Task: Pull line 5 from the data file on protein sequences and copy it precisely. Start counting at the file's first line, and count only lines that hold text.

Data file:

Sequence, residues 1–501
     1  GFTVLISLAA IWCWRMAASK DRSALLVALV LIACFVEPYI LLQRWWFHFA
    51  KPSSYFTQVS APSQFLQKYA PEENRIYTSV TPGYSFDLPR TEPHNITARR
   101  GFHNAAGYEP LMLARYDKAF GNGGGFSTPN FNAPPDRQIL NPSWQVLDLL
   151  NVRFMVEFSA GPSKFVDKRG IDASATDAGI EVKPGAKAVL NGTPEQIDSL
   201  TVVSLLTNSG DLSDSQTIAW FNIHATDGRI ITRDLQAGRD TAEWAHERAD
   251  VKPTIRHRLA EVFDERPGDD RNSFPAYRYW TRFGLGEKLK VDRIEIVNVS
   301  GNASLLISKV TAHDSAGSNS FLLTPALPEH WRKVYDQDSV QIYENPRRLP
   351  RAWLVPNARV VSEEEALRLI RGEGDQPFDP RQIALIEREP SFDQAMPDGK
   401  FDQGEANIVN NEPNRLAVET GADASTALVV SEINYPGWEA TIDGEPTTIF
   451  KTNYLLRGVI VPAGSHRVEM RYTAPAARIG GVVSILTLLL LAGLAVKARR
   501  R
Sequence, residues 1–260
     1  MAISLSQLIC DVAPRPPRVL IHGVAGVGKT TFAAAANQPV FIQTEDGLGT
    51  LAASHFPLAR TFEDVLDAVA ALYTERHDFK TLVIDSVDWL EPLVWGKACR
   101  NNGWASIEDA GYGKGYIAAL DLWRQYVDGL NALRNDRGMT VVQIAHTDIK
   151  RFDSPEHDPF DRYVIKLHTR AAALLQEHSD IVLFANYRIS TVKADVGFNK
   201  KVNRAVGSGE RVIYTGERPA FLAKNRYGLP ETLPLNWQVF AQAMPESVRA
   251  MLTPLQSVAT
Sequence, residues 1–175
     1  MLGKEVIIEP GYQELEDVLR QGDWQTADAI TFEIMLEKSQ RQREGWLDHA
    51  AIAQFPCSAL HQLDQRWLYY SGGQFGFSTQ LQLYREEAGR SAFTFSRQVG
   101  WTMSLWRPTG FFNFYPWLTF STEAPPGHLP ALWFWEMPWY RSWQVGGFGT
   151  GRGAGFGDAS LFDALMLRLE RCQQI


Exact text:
   151  NVRFMVEFSA GPSKFVDKRG IDASATDAGI EVKPGAKAVL NGTPEQIDSL